It’s time to dust off the water guns and raincoats as Songkran is approaching. There’s an extended holiday this year from April 12th to 16th but Songkran, AKA the Seven Deadly Days, often extends for at least a week. And those days really are deadly. Last year 400 people died and 4,000 were injured during Songkran.
It’s no wonder the Thai Transport Ministry is establishing a “Safe Songkran” programme; it’s the highest time for road accidents in what is already the world’s number one city for motorcycle crashes. This shouldn’t stop you donning your swimsuit and goggles though, just bear in mind these tips for a safe Songkran.
Don’t drink and drive. It goes without saying (but I’ll say it anyway). Some bars and 7-Elevens will be open and serving alcohol, not to mention the beer stalls lining the festival hot spots. And be wary of drunk drivers – be it you, your friend or even a taxi or tuk tuk driver. The government has promised to confiscate the vehicles of any drunk drivers – so if you don’t want to walk home drunk and drenched, best hop on the BTS.
Don’t splash motorcycle drivers (even if everyone else is).
Take public transport instead of taxis or driving. Major routes will be packed and all 5 km of Silom will be blocked in favour of the neon-goggled, watergun-shooting pedestrians.
Leave valuables at home and put phones, cash etc. in waterproof pouches. You won’t go far without finding a stall selling pouches and ponchos, or stock up early from 7-Eleven. In the midst of the festivities, you or your children may also have powder rubbed on your faces. It’s harmless but can sting the eyes so goggles are handy in the thick of the festivities.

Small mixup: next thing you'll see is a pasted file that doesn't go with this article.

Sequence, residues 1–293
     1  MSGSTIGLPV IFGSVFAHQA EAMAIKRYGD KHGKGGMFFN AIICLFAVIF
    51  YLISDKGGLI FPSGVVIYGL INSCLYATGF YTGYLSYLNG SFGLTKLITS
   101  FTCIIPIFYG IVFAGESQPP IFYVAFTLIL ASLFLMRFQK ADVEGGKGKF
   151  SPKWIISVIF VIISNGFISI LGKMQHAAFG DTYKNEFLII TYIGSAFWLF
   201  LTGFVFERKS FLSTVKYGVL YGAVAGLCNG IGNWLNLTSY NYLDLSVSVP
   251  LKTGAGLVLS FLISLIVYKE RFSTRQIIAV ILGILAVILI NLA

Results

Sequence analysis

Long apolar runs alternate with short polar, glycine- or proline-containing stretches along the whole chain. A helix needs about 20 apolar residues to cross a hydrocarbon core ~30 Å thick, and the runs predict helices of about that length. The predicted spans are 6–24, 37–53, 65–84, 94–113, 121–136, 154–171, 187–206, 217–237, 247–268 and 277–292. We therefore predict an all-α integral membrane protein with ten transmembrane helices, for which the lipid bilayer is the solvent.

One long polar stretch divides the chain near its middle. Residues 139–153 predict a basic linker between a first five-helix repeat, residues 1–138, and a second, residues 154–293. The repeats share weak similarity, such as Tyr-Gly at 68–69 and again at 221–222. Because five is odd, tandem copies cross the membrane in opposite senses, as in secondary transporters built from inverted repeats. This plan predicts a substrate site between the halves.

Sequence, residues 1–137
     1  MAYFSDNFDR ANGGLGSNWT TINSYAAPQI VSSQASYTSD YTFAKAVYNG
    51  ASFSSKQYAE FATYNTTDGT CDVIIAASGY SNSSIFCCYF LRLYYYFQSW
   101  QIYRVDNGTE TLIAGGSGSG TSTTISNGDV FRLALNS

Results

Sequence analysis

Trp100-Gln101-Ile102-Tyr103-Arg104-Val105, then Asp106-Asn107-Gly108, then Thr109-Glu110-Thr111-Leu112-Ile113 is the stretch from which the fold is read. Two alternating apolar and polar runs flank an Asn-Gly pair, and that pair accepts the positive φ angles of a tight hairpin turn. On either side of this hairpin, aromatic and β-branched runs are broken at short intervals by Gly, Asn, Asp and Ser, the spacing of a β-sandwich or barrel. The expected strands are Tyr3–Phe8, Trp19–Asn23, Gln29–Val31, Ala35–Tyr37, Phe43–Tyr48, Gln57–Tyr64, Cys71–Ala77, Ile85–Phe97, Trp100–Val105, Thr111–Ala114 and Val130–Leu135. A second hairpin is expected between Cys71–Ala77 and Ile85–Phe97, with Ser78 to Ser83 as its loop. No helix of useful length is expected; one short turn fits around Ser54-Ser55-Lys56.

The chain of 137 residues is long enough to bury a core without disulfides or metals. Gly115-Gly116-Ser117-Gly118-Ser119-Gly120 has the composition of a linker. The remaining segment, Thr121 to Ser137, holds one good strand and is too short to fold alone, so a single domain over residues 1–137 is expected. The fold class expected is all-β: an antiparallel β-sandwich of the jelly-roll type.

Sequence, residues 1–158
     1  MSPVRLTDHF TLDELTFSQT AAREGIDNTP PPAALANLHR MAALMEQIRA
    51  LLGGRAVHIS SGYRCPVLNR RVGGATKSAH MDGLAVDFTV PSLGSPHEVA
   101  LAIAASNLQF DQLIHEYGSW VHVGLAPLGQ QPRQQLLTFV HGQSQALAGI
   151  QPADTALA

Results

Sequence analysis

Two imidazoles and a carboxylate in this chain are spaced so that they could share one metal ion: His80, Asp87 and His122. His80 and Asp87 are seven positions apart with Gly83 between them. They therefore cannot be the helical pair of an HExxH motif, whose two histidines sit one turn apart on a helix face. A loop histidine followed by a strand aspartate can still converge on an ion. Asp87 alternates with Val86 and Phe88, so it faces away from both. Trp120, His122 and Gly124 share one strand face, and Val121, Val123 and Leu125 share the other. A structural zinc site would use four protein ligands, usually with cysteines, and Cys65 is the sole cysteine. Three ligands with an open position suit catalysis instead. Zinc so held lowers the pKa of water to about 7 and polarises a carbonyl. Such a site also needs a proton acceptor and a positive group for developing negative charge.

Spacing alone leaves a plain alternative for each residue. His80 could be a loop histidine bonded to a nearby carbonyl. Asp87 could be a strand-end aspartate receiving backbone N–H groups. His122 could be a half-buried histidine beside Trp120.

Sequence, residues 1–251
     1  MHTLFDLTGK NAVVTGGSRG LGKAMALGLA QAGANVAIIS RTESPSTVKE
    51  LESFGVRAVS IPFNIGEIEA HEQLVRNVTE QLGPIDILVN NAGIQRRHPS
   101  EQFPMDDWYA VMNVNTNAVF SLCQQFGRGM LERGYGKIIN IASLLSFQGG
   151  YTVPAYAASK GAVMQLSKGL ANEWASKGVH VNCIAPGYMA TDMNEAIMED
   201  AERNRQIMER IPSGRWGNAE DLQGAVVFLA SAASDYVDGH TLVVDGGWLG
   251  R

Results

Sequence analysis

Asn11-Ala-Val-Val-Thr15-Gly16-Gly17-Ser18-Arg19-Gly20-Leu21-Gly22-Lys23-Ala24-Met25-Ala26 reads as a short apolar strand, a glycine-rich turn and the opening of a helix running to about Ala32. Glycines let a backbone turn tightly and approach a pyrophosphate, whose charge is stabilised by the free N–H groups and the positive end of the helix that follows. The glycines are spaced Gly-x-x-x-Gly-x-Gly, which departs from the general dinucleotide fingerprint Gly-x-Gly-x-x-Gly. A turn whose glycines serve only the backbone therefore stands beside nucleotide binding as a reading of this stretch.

Avoid the crazy areas with younger kids (especially Silom and Khao San Road), where breathing space is a rare luxury. You could watch the crazies on Silom from the dryer skywalk above, but you’re still never completely splash-safe. For younger kids you could have your own party with a water hose and buckets in the garden or a nearby park or check out the options for kid-friendly celebrations.
Don’t throw ice, icy or dirty water (and it’s advisable not to swallow anything chucked at you either – who knows where it has come from?)
Wear old trainers/sneakers or waterproof shoes with grip instead of flip-flops.
Go local and get out of Bangkok – whilst the city is full of tourists you can have a less claustrophobic celebration in the countryside or even just outside of Bangkok. In Phra Pradeng District of Samut Prakarn, for example, you can experience more unusual festivities. Taking place at the Phra Pradaeng City Hall, you’ll see local people observe Mon New Year traditions, which are very different to those found in the rest of the country. They feature a spectacular floral procession, a parade of the local Mon people in their colourful outfits, a Miss Songkran parade, and more.
And finally… have fun! Seriously. You are going to get wet no matter what (unless you stay inside the house the whole time), and getting annoyed is not going to change that. Unless you are a monk, baby or elderly person, people will slosh buckets of water at you, so come dressed in a smile and waterproof poncho!